Behavioural barriers are the most international feature of social maltreatment of people with disabilities. Some people try to obstruct the flow of daily ordinary operations by wrongdoing and ill-treatment. There are various types of obstacles.

Stereotype Barriers

So many people have misconceptions about disability. In their opinion, these are sick and poor as a result of their disability.

Discriminative Barriers

Misconceptions about disability cause quandaries, stigma, discrimination and social injustice even in international groups. The misconception about disability is that it’s a punishment for immorality, wrongdoing or misfortune.

Communicative Barriers

It refers to any type of communication barrier, such as difficulty in hearing, speaking, reading or writing. PWDs are people who are unable to use any form of communication technology.

Here are some examples of communication barriers.

  • Keeping people with “sight impairment” from reading material.
  • The use of small fonts or unintelligible printed devices that make it difficult for poor sight people to read.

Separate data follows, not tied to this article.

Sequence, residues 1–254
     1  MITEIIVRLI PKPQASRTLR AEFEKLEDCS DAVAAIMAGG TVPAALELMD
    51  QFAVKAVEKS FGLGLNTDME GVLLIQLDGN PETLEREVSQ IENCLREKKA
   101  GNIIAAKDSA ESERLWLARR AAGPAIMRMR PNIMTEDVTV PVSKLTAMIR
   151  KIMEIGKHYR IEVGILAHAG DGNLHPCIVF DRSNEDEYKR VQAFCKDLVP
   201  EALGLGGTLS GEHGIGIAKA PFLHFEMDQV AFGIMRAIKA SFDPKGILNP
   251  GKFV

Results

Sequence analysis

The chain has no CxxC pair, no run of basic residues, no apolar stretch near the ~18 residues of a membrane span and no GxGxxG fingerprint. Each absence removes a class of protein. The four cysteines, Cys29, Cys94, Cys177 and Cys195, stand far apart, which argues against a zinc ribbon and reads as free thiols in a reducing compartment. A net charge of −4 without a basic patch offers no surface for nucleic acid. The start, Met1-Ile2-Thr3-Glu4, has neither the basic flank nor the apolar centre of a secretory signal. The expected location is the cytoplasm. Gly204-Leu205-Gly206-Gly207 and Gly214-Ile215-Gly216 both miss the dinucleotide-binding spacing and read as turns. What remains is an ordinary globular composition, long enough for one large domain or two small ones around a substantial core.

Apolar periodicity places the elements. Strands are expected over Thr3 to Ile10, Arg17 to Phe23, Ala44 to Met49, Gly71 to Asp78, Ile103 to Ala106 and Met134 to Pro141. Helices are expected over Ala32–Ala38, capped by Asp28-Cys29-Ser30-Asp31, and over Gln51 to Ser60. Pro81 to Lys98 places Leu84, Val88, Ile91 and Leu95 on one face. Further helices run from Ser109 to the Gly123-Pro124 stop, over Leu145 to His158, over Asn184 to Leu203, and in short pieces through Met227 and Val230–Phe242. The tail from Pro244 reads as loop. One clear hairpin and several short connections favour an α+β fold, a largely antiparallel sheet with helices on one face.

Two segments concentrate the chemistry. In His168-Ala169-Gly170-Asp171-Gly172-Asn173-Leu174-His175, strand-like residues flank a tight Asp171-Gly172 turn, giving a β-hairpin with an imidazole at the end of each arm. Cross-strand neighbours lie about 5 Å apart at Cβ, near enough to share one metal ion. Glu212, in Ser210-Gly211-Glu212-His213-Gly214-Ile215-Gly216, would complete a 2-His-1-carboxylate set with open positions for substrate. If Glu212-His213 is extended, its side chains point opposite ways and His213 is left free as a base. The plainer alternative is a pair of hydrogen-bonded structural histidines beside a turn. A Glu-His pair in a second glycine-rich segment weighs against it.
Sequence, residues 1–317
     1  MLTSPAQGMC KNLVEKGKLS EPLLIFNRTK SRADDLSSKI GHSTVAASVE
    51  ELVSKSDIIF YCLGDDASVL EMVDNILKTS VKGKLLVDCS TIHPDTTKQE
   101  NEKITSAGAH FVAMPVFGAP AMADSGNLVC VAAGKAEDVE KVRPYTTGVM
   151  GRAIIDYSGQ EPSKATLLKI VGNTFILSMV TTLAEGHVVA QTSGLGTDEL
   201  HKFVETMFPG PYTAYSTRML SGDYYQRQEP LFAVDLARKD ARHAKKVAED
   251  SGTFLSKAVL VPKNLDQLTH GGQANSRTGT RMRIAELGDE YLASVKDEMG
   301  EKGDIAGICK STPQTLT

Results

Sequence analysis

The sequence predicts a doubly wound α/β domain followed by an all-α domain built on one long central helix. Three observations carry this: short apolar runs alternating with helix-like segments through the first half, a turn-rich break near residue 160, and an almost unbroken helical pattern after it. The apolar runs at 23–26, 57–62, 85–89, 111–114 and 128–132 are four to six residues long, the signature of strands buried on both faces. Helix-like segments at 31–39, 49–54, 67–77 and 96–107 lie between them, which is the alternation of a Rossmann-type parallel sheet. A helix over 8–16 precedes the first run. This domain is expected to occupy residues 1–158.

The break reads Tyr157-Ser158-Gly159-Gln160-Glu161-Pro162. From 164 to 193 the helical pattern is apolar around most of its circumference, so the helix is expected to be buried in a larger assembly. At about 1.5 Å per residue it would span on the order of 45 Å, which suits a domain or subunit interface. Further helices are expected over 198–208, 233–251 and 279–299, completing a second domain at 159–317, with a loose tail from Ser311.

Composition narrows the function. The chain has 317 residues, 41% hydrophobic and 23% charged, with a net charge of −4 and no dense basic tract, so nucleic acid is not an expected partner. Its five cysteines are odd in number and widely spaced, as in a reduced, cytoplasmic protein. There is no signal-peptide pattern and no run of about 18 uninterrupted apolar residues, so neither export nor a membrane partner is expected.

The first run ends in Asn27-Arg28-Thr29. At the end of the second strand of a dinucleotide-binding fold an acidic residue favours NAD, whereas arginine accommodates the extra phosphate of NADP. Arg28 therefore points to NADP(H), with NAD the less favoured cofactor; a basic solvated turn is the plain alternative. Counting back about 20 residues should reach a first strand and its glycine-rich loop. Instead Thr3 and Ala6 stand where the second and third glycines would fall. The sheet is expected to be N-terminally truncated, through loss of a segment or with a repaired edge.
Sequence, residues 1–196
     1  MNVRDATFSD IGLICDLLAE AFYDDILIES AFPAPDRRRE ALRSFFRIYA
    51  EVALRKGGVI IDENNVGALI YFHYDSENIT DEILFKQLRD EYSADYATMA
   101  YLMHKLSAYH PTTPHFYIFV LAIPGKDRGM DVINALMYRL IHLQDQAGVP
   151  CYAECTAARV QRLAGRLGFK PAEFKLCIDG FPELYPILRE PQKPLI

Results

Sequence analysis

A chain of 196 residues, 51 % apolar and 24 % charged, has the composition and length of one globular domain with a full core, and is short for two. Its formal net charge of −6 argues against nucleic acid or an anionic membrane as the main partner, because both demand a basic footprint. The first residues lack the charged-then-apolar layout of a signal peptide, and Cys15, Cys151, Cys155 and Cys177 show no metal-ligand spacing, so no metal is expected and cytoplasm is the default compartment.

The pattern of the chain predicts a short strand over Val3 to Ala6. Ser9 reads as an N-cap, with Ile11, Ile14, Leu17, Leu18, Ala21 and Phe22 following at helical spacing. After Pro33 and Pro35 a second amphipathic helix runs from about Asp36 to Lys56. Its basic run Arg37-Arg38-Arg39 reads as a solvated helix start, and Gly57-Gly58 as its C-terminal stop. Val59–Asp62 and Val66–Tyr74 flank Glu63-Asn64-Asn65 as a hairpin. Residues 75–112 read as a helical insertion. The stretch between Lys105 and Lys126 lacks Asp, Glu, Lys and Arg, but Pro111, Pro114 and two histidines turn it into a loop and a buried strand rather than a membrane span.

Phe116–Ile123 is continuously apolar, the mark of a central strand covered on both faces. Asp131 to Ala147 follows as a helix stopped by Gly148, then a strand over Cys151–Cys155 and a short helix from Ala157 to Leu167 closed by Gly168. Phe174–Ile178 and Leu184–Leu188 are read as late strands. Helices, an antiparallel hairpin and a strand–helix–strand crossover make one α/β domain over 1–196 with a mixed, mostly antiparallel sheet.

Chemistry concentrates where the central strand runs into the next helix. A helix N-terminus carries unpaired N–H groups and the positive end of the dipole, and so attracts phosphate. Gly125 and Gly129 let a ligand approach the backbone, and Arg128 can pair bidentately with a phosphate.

• Discourage people from reading because they do not have a Braille or On-Screen Readability Device.

Similarly, auditory impairment is a barrier to using hearing aids.

  • Video captions may be missing.
  • Sign language is an example of oral communication that does not rely on manual interpretation.

Physical Barriers

Physical barriers are primarily natural or artificial structural obstacles. They may make access to any structure difficult or impossible for PWDs. This is an international phenomenon.

  • Physical impediments may exist.
  • Steps and stairs that make it impossible to enter a building or use a walkway.